StankNasty // Courtesy of Andre Ramseur

Round Lake rapper StankNasty keeps an eye toward the communities that helped him grow

StankNasty the rapper exudes a bravado intrinsic to the art form and learned from musical icons such as Jay-Z and Eminem.

But Frank Stankowicz the man understands the responsibility that comes with working within a culture that’s not his own.

“There’s racial and cultural underpinnings of hip-hop that I’ve really learned to understand and be careful with, especially as a white artist in an art form with foundations coming from the Black and Hispanic community,” Stankowicz said. “When you’re rapping, you’re able to say things in such a way that you can’t communicate in any other way for it to have as strong of an impact. That’s the power of hip-hop and rap. You’re able to send a message or highlight something … that if you tried to communicate it in any other type of way or dynamic would not have the same effect.”

Now living in Round Lake, Stankowicz, who took his stage name from a nickname Coach Thomas gave him during his freshman year in high school, taps his childhood in Wheeling for the roots of his craft.

He said his family was always listening to music when he was younger, and a VHS tape with Michael Jackson’s “Thriller” video was a cherished possession in their household.

“My Own Lane” by StankNasty // Courtesy of Francisco Dominguez

“Where I grew up, diversity was a big thing and something that was very normal. So that comes with hearing lots of different hip-hop, being exposed to different kinds of music. And I grew up doing dance battles and stuff,” he said.

Through high school literature classes and poetry studies, he said he found he had a knack for writing. So when he heard legacy artists like NAS, Tupac, Kendrick Lamar and J. Cole, their music struck just the right note with him.

“I saw what they were doing. And I was like, ‘Wow, they’re really saying something in a creative way.’ They’re painting a picture I can relate to,” he said. “What if I give this a try?”

Partnering with his best friend Mike Barrera, who was skilled in reading and creating music, the duo set off on their musical journey.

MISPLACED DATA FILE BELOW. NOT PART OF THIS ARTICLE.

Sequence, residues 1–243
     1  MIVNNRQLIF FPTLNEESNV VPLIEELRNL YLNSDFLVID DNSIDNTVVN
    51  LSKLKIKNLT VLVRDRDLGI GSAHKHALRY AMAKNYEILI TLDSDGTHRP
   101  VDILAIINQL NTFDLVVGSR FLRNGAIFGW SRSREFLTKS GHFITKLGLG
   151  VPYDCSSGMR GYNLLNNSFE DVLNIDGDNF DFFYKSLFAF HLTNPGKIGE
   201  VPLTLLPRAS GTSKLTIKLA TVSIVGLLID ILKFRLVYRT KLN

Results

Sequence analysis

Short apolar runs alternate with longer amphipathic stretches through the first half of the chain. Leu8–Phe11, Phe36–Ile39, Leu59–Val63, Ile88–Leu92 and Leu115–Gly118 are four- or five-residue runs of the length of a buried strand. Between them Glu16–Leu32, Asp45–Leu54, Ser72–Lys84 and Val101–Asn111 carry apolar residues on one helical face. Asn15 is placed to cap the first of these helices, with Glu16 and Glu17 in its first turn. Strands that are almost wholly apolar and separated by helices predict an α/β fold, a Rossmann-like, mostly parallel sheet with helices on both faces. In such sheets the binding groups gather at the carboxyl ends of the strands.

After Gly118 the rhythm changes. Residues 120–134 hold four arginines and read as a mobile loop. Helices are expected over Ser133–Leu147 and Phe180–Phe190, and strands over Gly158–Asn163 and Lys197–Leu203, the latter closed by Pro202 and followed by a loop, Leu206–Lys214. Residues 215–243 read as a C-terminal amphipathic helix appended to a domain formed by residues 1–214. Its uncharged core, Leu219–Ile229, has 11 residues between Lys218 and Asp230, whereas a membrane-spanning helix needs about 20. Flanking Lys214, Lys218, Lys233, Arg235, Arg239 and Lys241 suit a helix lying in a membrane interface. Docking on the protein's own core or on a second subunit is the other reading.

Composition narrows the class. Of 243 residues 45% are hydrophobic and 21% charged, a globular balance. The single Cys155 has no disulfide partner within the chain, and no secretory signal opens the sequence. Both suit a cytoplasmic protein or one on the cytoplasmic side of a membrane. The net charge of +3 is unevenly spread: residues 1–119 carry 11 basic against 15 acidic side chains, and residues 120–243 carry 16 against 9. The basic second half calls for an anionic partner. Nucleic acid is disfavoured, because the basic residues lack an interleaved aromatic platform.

Now nearing his 30s, StankNasty has a line of songs and videos out, including the uplifting “About That Time” and the recently released “My Own Lane,” featuring vocalist Armando Gutierrez (MVNDO). And he credits much of his sound and production to his regular audio engineer and recording partner Gerald “G-Nitz” Leibnitz at Soundation Studio.

During the day, Stankowicz works as a psychiatric nurse assisting patients with debilitating disorders that prevent them from leaving their homes. That — as well as his three years on staff in the behavioral department at Loretto Hospital on Chicago’s West Side — has honed his innate sense of empathy, a gift he brings to his music.

“A lot of it is very much like counseling, so I’ve had the privilege to live vicariously through others and be able to see what other people are experiencing,” he said. “And get lots of perspective from walks of life that are very different from my own.

“That was a very eye-opening experience for me especially. And it helped strengthen my relationship with hip-hop as an art form,” Stankowicz said. “Being able to be in the unique position to take care of members of the Black community who have suffered from traumas of gun violence and drug use and growing up in gentrified communities. Working on the West Side of Chicago was probably one of the most life-changing things that I experienced.”

StankNasty // Courtesy of Raeven

Through his music and his persona StankNasty, he said, his goal is to bring eyes to some of the struggles people are facing, to advocate for change and to help people who relate to his music to navigate their own complicated lives.

“I want my music to make other people feel empowered, because that’s what hip-hop music has done for me,” he said. “Throughout my life it’s made me feel empowered and made me feel like I can go after and achieve things that may sound very difficult.”

• • •


featuring Mic Fort & Dee-Jay with DJ Cory Ether, Just Jana, Tr3nt, Orlando Coolridge, MVNDO, Deen Akbar, D3V and StankNasty with host Robin Evette

When: 7 p.m. Saturday, Sept. 10
Where: Ambitions Entertainment, 4024 Sauk Trail, Richton Park,
Tickets: $20-$35 for general admission; $60-$100 for VIP or meet-and-greet packages

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